The United Nations’ Carla Del Ponte also said that evidence suggested rebels had used sarin nerve gas.

    [It was] also revealed how then Secretary of State Hillary Clinton was instrumental in approving the transportation of Libyan chemical weapons stockpiles to be handed to jihadist rebels in Syria.

    It could very well have been another accident by the rebels, since we now know they are more than willing to exploit their dead children to take over Syria.

    But I think the big question that keeps coming up in my mind is, are the people trying to take over Syria “better” than the people already in charge? I think of Libya and Egypt as I ponder this question.

     

    • #29
  30. Franz Drumlin Member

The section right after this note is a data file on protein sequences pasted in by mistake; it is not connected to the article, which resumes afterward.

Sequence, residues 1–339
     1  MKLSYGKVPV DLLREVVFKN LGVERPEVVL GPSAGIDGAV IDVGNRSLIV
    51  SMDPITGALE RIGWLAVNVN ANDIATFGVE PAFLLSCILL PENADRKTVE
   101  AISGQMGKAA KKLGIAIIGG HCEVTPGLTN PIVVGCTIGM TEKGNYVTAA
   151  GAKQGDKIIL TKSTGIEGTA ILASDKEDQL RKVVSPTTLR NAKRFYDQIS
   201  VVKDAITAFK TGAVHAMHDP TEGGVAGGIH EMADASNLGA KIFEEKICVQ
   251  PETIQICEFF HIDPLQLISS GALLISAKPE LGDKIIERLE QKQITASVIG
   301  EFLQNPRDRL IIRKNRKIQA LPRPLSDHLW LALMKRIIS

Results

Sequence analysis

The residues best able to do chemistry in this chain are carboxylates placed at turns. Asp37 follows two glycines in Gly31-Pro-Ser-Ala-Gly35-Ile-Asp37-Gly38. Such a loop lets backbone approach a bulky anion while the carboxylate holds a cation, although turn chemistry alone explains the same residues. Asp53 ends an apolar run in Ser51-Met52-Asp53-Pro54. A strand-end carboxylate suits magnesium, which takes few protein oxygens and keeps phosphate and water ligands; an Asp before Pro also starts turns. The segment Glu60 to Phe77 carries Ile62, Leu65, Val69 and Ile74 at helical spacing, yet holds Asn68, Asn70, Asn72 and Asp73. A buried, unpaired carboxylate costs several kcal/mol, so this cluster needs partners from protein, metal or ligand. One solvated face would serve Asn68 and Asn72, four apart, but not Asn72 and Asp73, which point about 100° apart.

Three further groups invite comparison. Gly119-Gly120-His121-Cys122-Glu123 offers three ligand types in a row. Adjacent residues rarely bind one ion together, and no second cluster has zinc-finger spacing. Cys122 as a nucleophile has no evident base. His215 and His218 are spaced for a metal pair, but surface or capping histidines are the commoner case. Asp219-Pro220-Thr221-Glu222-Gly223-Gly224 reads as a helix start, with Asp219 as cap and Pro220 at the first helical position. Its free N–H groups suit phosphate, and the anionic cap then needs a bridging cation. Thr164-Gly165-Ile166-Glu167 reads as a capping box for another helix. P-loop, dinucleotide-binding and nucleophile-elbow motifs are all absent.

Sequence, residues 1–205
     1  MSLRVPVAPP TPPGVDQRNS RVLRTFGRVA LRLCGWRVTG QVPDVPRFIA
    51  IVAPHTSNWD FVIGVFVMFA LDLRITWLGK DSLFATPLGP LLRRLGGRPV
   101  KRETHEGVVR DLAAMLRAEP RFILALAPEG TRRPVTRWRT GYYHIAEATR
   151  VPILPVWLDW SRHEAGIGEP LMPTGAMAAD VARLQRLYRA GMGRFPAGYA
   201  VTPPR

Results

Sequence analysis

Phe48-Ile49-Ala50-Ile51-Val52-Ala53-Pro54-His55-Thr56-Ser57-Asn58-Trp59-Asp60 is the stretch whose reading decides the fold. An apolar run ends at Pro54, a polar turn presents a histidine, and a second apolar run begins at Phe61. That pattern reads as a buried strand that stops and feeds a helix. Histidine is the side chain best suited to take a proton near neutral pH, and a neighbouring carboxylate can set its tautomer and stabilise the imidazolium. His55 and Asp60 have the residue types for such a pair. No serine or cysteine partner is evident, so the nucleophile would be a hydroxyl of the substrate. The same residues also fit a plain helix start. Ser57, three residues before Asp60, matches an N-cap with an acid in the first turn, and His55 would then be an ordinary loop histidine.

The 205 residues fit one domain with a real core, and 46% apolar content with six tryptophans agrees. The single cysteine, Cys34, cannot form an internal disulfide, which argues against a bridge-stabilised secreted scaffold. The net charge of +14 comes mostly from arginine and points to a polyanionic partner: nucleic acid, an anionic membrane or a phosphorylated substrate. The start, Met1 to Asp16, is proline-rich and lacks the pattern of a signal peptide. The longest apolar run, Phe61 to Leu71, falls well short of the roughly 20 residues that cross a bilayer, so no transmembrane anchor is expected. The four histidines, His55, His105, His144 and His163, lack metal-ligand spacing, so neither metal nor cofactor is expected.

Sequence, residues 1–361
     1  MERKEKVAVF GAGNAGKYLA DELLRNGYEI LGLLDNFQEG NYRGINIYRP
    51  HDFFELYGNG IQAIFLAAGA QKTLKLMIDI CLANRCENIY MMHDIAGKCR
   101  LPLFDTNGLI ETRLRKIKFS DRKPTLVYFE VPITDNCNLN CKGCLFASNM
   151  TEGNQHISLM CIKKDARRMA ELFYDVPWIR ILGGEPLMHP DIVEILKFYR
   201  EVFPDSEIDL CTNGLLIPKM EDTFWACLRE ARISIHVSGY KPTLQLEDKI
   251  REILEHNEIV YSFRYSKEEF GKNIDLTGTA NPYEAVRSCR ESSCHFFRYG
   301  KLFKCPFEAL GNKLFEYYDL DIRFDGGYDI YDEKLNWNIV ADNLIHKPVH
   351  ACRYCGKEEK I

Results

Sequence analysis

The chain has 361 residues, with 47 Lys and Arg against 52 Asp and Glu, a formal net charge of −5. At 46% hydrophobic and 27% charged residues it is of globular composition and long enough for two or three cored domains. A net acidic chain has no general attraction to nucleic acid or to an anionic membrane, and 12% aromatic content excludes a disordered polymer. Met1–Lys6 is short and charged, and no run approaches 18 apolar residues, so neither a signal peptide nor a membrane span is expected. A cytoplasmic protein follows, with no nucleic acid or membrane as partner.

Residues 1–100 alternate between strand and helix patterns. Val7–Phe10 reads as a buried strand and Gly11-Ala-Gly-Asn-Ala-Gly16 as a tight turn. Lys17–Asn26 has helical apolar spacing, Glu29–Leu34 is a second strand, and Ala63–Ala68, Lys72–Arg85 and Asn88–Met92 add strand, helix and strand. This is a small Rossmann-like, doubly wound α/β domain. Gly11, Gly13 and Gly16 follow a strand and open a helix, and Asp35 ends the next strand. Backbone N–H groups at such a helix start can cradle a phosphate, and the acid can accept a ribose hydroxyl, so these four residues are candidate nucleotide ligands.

Franz Drumlin
    @FranzDrumlin

    Matt Y. (View Comment):
    Haley has been the voice of moral clarity in the Trump administration so far. (First female President?) Glad to see the President join in on this occasion. I’m glad his words didn’t sweep this under the rug. (Note, I can and do praise Trump when I agree with him). Hopefully his actions will follow.

    SecDef Mattis has first-hand experience in this sad part of the world. He knows what military actions entail. He knows what is militarily possible and what isn’t. I know: war is too important to leave to the generals, but let’s hope President Trump has his cell phone number on speed dial.

    • #30